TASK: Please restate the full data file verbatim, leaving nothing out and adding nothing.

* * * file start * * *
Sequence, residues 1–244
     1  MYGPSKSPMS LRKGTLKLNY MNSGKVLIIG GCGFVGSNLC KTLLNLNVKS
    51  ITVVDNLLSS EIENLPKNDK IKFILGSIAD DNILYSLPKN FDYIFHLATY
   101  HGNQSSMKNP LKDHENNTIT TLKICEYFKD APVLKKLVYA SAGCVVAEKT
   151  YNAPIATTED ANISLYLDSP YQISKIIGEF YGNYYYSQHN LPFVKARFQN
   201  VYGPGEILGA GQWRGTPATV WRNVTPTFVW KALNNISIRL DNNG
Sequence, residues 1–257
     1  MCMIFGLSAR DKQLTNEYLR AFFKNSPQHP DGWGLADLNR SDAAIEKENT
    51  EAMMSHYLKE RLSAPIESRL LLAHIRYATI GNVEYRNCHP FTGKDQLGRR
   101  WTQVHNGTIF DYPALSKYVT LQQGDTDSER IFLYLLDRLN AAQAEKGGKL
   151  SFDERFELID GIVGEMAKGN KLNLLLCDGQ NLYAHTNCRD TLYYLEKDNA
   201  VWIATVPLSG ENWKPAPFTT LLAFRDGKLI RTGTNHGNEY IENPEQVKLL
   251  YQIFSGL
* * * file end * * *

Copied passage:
Sequence, residues 1–244
     1  MYGPSKSPMS LRKGTLKLNY MNSGKVLIIG GCGFVGSNLC KTLLNLNVKS
    51  ITVVDNLLSS EIENLPKNDK IKFILGSIAD DNILYSLPKN FDYIFHLATY
   101  HGNQSSMKNP LKDHENNTIT TLKICEYFKD APVLKKLVYA SAGCVVAEKT
   151  YNAPIATTED ANISLYLDSP YQISKIIGEF YGNYYYSQHN LPFVKARFQN
   201  VYGPGEILGA GQWRGTPATV WRNVTPTFVW KALNNISIRL DNNG
Sequence, residues 1–257
     1  MCMIFGLSAR DKQLTNEYLR AFFKNSPQHP DGWGLADLNR SDAAIEKENT
    51  EAMMSHYLKE RLSAPIESRL LLAHIRYATI GNVEYRNCHP FTGKDQLGRR
   101  WTQVHNGTIF DYPALSKYVT LQQGDTDSER IFLYLLDRLN AAQAEKGGKL
   151  SFDERFELID GIVGEMAKGN KLNLLLCDGQ NLYAHTNCRD TLYYLEKDNA
   201  VWIATVPLSG ENWKPAPFTT LLAFRDGKLI RTGTNHGNEY IENPEQVKLL
   251  YQIFSGL